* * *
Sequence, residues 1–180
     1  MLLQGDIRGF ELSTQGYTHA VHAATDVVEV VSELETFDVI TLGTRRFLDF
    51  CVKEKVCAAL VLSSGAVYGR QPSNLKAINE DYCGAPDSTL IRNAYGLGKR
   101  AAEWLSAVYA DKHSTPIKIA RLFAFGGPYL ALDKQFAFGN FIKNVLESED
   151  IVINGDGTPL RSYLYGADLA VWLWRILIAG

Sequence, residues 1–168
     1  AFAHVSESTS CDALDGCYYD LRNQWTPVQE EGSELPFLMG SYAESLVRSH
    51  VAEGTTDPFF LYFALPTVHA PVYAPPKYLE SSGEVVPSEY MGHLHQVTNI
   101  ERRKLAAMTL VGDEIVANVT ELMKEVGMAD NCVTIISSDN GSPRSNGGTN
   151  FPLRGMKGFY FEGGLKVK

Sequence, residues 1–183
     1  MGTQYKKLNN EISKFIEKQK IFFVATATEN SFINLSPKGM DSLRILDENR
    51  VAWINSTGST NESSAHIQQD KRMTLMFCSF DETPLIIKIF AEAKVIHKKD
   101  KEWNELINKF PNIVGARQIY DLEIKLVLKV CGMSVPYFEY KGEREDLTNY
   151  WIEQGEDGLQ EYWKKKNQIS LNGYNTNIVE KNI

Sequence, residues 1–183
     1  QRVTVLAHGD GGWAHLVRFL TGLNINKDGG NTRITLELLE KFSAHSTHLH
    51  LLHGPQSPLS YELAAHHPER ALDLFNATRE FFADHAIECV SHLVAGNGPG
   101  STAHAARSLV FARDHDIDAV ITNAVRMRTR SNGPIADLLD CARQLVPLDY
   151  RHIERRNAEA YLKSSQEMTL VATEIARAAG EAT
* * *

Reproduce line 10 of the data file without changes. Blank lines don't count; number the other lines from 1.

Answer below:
   151  FPLRGMKGFY FEGGLKVK